Individuals and businesses produce carbon dioxide from daily activities such as driving, heating, and the consumption of products and services. To reduce the effects of climate change, we could reduce our carbon output by going on a carbon diet.
There are references to the use of the term carbon diet in several publications.
The term "carbon diet" is used in the book Gore: A Political Life
"And many scientists and economists maintain that the costs of adapting to any change are both easier to achieve politically and more efficacious scientifically than trying to avoid the problem through a crash carbon diet."
Deborah Jones from The Globe & Mail newspaper writes "It's week two of my family's "carbon diet" -- a Globe and Mail assignment to see how my family of four adults can cut its greenhouse-gas emissions to match the provincial goal of a 33-per-cent reduction..."
Key components of a carbon diet
A carbon diet is similar to a food diet. It starts with assessing weight (measured in tonnes of carbon dioxide) and then determining where the ideal weight should be. The following outlines the steps of a carbon diet:
- Calculate a carbon footprint to understand the amount of carbon dioxide emissions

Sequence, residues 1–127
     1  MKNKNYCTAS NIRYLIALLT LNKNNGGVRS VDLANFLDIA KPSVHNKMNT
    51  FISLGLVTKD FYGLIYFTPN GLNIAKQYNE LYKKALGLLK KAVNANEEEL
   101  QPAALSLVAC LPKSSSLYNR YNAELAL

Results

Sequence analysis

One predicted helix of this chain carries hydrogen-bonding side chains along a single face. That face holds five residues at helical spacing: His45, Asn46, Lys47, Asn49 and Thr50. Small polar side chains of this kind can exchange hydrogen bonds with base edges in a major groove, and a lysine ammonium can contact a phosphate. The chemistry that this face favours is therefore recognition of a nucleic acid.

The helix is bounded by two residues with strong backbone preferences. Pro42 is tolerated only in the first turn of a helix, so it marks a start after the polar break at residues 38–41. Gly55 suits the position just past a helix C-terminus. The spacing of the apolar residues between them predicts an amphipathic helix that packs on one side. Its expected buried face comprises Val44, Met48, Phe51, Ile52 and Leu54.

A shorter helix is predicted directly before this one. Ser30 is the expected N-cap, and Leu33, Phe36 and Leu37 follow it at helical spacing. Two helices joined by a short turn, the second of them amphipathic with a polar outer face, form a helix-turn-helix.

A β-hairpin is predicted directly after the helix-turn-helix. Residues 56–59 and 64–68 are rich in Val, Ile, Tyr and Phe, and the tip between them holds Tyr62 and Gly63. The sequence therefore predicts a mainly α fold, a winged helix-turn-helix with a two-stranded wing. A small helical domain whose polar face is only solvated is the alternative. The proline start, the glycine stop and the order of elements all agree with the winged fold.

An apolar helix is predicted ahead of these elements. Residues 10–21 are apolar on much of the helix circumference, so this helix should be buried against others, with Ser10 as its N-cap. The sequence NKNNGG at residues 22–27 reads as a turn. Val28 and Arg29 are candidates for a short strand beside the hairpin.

- Measure the carbon footprint against peers (e.g., similar company size or for individuals, a national average)
- Determine the ideal carbon footprint
- Identify the source of the most significant carbon dioxide emissions 
- Reduce carbon dioxide emissions by starting with the most significant sources first
- Carbon footprint
- Going green
- Individual and political action on climate change
- Low carbon diet
- Sustainable living
- ↑ Zelnick, Robert (1999). Gore: a political life. Washington, DC: Regnery Pub. p. 330. ISBN 0-89526-326-2.
- ↑ Deborah Jones, "Stepping Towards Greener Pastures: Part 2 of BC family's carbon diet focuses on transportation," The Globe and Mail, March 30, 2007
- ↑ Data and studies on CO2 emissions from common goods and services are at CO2List.org